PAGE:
Most disturbing, however, is the reality that we simply do not know how Miers would come out on a wealth of critical issues. Having never been a judge, she lacks a paper trail that could help us to identify a coherent judicial philosophy. Despite a few surveys which some speculate may… wait, what? She did?! Hold on, you’re kidding, right? Harriet Miers withdrew her nomination, you swear you’re not messing with me? Alito, who’s that? Really? Wow. Well, uh… this is a little awkward. Yikes, guess I should have done some more research beforehand, huh? Whew. Let’s just forget about all that stuff I said, ok? I’m, uh… I’m just gonna go. I’ll catch up with you later or something.

Justin Shanes, Class of 2006


To the Editor:


When night comes to Langdell library,

Under “the stacks” and under the stairway,

Surrounded by air very old and unclean,

Lives the scary ghost of Judge Roy Bean.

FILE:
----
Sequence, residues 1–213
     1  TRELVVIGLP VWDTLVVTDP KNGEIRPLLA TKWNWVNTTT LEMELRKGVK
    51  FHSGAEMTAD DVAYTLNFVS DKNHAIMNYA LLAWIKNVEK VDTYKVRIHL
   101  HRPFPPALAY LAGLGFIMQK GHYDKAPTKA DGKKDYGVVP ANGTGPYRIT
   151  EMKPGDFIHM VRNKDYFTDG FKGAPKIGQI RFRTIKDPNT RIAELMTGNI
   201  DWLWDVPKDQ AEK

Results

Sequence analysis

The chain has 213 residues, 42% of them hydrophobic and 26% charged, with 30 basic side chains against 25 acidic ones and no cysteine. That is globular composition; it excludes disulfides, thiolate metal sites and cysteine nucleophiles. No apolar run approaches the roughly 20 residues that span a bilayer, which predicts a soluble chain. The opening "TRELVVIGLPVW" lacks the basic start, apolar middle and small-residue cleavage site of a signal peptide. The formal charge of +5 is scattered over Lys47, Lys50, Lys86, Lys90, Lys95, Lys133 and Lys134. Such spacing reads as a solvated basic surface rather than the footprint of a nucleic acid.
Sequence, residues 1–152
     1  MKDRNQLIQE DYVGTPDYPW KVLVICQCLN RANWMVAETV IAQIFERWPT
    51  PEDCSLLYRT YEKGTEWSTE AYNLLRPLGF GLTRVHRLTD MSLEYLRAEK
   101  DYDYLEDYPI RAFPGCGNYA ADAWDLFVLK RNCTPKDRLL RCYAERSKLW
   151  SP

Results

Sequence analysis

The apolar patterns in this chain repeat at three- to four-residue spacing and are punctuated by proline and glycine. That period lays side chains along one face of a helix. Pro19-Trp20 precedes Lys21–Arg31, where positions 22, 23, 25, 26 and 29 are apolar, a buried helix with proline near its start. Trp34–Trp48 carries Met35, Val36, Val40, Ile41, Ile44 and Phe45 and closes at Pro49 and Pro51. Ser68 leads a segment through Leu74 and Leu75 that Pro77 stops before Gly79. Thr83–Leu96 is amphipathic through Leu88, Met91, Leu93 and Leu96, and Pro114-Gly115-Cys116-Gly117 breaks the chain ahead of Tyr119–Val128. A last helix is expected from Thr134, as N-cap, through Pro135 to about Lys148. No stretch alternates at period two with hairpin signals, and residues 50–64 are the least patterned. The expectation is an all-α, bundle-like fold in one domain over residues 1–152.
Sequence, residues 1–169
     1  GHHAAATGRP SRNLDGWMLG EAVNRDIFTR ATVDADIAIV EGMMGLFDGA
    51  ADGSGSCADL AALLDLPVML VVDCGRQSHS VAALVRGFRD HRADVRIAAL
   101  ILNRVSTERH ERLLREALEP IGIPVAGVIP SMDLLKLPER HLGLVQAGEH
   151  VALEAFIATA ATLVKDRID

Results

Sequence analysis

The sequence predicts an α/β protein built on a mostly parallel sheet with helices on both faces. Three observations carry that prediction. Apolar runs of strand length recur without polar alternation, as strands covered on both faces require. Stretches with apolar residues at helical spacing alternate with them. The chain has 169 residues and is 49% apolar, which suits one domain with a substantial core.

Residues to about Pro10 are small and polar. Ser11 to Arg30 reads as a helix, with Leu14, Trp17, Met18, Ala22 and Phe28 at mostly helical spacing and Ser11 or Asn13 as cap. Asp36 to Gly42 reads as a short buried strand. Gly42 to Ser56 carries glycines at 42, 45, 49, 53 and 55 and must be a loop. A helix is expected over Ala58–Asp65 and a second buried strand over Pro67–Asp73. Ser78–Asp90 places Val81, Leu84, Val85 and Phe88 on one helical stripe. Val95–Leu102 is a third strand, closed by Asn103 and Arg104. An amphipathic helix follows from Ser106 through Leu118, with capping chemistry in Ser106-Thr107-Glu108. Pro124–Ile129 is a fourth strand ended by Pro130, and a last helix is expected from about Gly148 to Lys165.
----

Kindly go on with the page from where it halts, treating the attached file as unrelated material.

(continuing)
There he lives enforcing his style of justice,

Along with a court clerk, a bailiff, and just us,

Who remember the time he met the Law School Dean,

They danced, they laughed, they counted their money,

They counted their diamonds, their gold and their honey,

They thought of their estates, their horses, their bo

They put on their makeup, same for person and ghost,

They laughed when they thought about how rich they both were,

The ghost had kept his riches, but not the Dean, no not her,

The best food she had eaten, the best travels she made,

While the poor starving law students were forced then to trade,

Their futures they had mortgaged because tuition was too high,

For many the debt would crush them, their spirits would die,

Yet on this fine night, at the end of the year,

The Judge and the Dean danced with good cheer,

They laughed at their profits which were good for the year,

They laughed at the poor students, their sad destiny was clear,

Yet when daylight came to chase away the night,

When doors were opened, and roaches ran from light,

The ghost Judge Roy Bean departed for the graveyard,

While the Dean and her riches danced their way through Harvard Yard.”